Researchers have identified a marble slab bearing an ancient Greek inscription, which has been stored in the National Museums Scotland (NMS) collection for more than a 100 years, as a previously unrecorded ephebic list from the mid-1st century AD.
It commemorates the friendships forged between a group of young cadets (ephebes) inducted into an Athenian military academy.
The discovery comes as part of a four-year project, sponsored by the Arts and Humanities Research Council, aiming to publish English translations of inscriptions from ancient Athens held in UK collections.
When Professor Peter Liddel from Manchester University enquired about the stele, which had been donated to the Society of Antiquaries of Scotland in 1887, he assumed from the object’s description that it was a plaster cast of an ephebic list housed in the Ashmolean Museum.
Upon examination, however, experts confirmed it to be a genuine Athenian inscription from the reign of the Roman Emperor Claudius (AD 41-54).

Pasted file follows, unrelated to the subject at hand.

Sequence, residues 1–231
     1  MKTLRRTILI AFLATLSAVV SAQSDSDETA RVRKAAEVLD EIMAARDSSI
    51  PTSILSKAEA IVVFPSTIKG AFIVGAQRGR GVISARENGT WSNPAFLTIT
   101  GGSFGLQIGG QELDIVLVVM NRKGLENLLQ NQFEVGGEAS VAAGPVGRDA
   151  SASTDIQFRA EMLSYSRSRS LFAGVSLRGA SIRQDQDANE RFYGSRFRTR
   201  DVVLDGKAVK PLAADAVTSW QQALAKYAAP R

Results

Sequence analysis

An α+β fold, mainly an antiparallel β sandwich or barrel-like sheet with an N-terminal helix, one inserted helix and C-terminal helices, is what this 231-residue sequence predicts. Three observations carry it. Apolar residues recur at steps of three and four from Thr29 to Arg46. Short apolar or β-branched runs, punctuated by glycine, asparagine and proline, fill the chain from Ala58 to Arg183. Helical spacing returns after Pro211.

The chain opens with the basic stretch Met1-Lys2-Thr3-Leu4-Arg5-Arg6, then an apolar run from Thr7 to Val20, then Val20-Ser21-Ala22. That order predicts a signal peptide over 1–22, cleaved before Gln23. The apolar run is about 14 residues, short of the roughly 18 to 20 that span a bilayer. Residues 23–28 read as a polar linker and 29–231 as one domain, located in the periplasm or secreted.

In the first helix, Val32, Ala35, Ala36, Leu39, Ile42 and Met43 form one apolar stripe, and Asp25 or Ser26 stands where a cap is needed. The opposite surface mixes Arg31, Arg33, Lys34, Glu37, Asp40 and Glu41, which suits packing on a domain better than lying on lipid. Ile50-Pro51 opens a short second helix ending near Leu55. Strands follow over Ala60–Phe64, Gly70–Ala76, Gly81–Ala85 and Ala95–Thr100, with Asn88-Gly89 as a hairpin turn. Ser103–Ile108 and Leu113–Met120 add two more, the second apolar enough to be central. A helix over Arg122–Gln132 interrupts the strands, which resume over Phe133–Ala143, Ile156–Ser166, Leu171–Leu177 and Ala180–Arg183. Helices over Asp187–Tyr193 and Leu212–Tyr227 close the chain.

The stele lists the names of a group of friends inducted into the ephebate, an academy that provided a year of military and civic training for young men typically aged around eighteen years old. Ephebic training, a practice that existed from around the 4th century BC, was intended to prepare young men for life as adult members of society.
The inscription conveys a sense of camaraderie among this ephebic cohort. Attikos, son of Philippos, presents himself as the central figure of the group, inscribing their name in the prescript alongside that of the ephebate’s superintendent, before listing those he counts as ‘fellow ephebes and friends’.
Professor Liddel described the stone as the ‘ancient equivalent of a graduate school year book’.
It was also found that the newly discovered inscription belongs to the same year and cohort as the Ashmolean example, though it lists only a small subset of the class.
The stele has also provided some of the first evidence of non-citizens, such as foreigners and former slaves, being inducted into the Athenian education system during the early Roman period – a crucial time for Athens as it became an independent city-state under the Roman empire.
In earlier and later examples of ephebic lists, non-citizens are labelled as ‘foreigners’ or ‘secondary enlistees’. This list, however, is more discreet, indicating the difference in status by separating the names, recording those of non-citizens below.
According to Professor Liddel, the list offers insight into the accessibility of the ephebate, which is often recognised as an elite institution.
An annotated translation of the inscription has been published online by the Attic Inscriptions in UK Collections project.